First of all, you need an attorney. If you have been contacted for money by a creditor, you may have a solid claim for damages due to contempt of the Bankruptcy Court's order. Second, this is not high school. You do not get "do overs" if you have a good personal excuse. Sorry, but sentiment is not a substitute for law. I think you can get what you really need by using the law. And you will need an attorney to do that.
To finally answer your question; you can stay in the home until the owner brings a civil action to remove you. They can probably force you out pretty fast, but it will cost them. So make them an offer. Tell them you're broke and pregnant etc. They won't care. But tell them that you need $3 Thousand Dollars to move. You might get lucky. If an attorney tells them that, you have a much better chance of getting something. Especially if he pairs a contempt action with that request. It's worth a try. Good luck.
Don't forget to click on the "Best Answer" button, if you appreciate this wit and wisdom. This answer is not intended to create an attorney-client relationship and may not be relied upon as legal advice. A careful examination of the facts is necessary before a legal answer may be relied on. You should consult your own attorney before taking or refraining from any legal action.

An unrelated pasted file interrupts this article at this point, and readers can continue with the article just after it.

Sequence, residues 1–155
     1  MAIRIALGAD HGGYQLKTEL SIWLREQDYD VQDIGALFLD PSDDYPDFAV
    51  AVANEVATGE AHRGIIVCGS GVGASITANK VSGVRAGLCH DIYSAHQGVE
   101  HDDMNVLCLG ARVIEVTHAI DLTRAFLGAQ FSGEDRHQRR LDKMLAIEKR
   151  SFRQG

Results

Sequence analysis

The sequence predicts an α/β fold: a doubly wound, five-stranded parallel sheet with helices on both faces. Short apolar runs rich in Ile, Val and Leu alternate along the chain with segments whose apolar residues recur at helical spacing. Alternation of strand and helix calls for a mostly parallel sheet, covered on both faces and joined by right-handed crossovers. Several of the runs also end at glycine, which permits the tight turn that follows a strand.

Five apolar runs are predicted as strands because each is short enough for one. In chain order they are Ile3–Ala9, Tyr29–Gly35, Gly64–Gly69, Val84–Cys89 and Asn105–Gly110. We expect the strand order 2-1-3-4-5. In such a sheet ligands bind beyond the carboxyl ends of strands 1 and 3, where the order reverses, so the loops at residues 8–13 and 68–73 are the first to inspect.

If the company has calling you to collect on a debt that has been discharged then it may be in violation of the automatic stay (predischarge) or perhaps the discharge injunction (post-discharge) and it could be liable for damages. You could file an action against the lender in bankruptcy if your case is still open or reopen your case to allow for such. As for as how long you have to stay in your house, this would depend on the where the lender has started the foreclosure or where it left off before you file bankruptcy. Even if your house has been sold, there is likely a redemption period typically of 6 months (although it can vary) where you are given an opportunity to buy back the house at a certain amount. Once this period passes, the new owner will initiate eviction procedures to evict. So you may have quite a bit of time, but you should contact a local attorney.
Demands for payment could be a violation of the discharge injunction, although the bankruptcy code does allow lenders to inform you of payments needed to avoid loss of the home. Land contract forfeiture proceedings would likely give you 90 days from the hearing if you owe more than 50% of the purchase price (180 days if less). You really need an attorney to assist you through this.